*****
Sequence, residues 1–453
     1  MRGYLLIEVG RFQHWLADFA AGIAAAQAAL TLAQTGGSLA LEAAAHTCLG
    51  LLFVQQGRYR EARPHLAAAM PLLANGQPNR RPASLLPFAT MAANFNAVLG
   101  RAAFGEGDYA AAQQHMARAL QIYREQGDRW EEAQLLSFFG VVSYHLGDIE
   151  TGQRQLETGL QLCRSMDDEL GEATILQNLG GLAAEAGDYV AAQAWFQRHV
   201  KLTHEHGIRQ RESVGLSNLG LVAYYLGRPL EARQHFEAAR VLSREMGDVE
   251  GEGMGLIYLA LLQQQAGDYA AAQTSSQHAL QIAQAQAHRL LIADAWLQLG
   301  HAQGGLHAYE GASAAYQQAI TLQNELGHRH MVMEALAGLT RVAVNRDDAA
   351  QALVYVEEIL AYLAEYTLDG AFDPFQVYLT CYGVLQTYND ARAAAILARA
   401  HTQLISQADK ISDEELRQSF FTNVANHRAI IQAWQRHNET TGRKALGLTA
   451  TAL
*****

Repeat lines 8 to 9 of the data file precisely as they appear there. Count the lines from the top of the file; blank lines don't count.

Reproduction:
   301  HAQGGLHAYE GASAAYQQAI TLQNELGHRH MVMEALAGLT RVAVNRDDAA
   351  QALVYVEEIL AYLAEYTLDG AFDPFQVYLT CYGVLQTYND ARAAAILARA